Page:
With the school year so quickly coming to a close, I find my mind already beginning to pack up in my mind. I’ve thought briefly about the prospect of moving out of my room, trying to decide which things could even go one of these weekends and make the final move a little easier. Questions about the next step, the next place, the next home, have all started to seep into to my mind, swirling around my head at night when it’s time to be sleeping. I’ve started to begin the mental preparation that comes with packing up, pulling in the loose ends and getting ready to eventually pick up and go.
Packing has become almost second nature to me. Only a few months after I was born, my parents were packing up the things that they would take with them as they headed out to Pakistan, twenty years ago. We were always packing. When I went into boarding in sixth grade, packing suddenly became something that I had to deal with alone, joining all the other elementary kids doing the same. My mum would send me a packing list of what I should be bringing home for breaks, and slowly I would work my way through it, making sure not to forget anything I might need. Usually I would wait until the evening before we headed down the hill to the airport, before I would decide to suddenly throw everything together. That way I wouldn’t be needing things that were already packed. That was my excuse, at least. I can’t say that our houseparents were all too pleased with this method of packing, but it was pretty standard for most of us.
After a year or two, I didn’t need the lists anymore. It became pretty routine. Now, in college, I have a mental list of the essentials and I tend to leave my packing till the hour before I head to my grandparents’ house for the weekend, usually throwing my toothbrush and toothpaste on top just a few minutes before the bag is zipped up and I’m out the door and down the stairs. My bag seems to get a little bit lighter every time I travel. I’ve slowly learned not to take things like that extra pair of jeans or t-shirt that I’m not going end up wearing anyway. Travelling makes you realise how heavy your things become, so you learn pretty quickly to shed any weight you can.
Unpacking however, has been different. In high school I would come home to Hyderabad on school breaks for a couple weeks and decide to leave all my things in my suitcase. My mum would always tell me to unpack my things into the dresser and kind of “settle in”, but that never made sense to me. Why unpack a suitcase that was just going to get packed again in two weeks? Instead I would just slide the whole thing under my bed, so I could pull it out any time, get things out of it, and slide it back under — nicely out of the way. Only a day or two later, I would come into my room to find that my mum had unpacked everything into the dresser and the closet. “It’ll make you feel more at home,” she would always say. I would always argue, but I knew she was right. It did. Unpacking makes you feel at home.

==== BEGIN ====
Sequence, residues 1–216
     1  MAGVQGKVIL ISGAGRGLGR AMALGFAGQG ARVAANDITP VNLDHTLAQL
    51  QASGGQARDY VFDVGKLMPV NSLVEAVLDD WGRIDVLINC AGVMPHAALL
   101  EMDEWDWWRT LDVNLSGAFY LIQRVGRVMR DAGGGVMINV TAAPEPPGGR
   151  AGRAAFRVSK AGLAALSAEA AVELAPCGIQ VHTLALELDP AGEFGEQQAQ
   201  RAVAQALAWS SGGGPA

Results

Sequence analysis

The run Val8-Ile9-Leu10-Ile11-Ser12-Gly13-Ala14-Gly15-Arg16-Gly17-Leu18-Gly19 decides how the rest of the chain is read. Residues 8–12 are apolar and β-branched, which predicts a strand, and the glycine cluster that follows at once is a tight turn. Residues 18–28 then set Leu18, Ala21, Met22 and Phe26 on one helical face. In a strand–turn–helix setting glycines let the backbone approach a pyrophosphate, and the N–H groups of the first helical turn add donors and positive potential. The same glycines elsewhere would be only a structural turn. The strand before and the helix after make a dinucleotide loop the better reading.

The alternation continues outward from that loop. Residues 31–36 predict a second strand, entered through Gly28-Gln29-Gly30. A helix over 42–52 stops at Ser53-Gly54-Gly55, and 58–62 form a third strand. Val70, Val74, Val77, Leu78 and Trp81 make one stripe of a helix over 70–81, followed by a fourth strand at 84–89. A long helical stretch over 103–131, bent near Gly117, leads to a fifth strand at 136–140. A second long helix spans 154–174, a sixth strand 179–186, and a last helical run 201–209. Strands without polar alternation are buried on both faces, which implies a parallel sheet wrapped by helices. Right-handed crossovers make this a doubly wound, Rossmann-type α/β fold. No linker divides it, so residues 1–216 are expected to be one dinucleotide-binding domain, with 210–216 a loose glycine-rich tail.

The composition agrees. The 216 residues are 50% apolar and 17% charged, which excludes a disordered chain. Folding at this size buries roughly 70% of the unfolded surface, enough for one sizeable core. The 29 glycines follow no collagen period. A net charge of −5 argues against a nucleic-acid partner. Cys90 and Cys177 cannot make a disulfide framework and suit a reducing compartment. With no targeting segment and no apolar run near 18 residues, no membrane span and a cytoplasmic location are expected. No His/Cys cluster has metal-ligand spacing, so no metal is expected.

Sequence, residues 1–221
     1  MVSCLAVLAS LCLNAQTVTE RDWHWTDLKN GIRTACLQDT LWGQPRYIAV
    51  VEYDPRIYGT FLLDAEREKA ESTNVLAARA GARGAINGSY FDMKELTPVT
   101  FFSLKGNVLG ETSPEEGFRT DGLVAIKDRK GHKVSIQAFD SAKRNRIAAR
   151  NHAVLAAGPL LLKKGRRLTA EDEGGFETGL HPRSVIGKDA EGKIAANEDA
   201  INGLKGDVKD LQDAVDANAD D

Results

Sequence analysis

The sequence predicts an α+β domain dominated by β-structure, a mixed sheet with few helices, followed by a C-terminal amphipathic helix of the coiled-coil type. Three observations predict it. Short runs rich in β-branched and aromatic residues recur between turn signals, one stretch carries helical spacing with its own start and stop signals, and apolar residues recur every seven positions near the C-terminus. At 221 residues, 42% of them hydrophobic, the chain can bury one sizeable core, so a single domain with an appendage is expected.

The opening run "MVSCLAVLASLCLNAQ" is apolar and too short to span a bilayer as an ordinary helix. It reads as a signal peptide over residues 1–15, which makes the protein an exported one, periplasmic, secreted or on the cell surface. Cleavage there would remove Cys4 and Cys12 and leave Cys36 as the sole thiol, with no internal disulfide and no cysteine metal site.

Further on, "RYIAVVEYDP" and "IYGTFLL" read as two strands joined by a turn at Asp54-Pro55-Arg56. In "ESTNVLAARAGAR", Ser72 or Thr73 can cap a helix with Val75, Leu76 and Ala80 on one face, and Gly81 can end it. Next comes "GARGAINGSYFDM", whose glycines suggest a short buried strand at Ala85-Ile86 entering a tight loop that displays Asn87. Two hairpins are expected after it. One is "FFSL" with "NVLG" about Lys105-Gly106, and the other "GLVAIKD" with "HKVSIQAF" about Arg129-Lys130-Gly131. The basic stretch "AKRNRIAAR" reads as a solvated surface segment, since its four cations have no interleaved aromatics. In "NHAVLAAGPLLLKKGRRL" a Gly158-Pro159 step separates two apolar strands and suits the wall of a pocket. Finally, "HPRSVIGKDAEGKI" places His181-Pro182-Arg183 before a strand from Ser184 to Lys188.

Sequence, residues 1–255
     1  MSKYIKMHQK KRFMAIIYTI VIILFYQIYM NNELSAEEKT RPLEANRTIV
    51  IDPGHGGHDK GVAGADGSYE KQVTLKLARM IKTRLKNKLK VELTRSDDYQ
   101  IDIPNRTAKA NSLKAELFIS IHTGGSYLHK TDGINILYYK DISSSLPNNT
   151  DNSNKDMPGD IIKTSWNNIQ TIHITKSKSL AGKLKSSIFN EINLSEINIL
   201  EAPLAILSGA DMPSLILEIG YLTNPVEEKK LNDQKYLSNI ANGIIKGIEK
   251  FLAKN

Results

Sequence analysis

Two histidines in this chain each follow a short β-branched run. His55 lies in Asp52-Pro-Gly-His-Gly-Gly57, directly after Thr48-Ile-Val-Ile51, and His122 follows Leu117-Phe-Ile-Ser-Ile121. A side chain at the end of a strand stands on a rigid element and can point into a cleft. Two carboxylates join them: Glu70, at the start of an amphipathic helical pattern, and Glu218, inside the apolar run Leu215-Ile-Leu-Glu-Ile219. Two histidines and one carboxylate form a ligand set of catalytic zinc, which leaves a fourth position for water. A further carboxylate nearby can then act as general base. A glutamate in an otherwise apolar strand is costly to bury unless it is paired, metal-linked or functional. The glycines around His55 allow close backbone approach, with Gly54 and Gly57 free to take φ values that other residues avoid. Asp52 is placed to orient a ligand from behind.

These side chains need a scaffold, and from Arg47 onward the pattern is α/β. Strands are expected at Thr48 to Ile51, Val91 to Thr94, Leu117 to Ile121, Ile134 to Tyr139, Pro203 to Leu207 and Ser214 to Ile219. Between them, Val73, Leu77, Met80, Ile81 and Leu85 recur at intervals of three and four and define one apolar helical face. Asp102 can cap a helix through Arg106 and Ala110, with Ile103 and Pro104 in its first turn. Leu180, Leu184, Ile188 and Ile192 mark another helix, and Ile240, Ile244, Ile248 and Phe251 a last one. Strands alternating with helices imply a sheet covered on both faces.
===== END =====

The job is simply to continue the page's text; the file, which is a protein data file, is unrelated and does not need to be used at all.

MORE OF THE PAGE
Over the past two summers between my years of college I pretty much lived out of a suitcase for the entire time. I would pack my suitcase to go for two weeks at a time on a travelling construction crew, staying in hotels while we were away. When I came home I would stay at my uncle and aunt’s house, where I didn’t usually bother unpacking, since either I was about to go out on the road again, or if I was working in town, I would soon be packing to go stay with my grandparents for a weekend here and there. And of course, when I was visiting family in Pakistan, it was much of the same. I think my first summer I had four or five t-shirts that I cycled through my entire time in Red Deer: two blue, two green, one grey. I’m an extremely varied and exciting person, as you can tell. I’m sure people wondered if I actually even owned any more shirts. I just told myself that no one paid enough attention to realise that they kept seeing the same five t-shirts every time they saw me.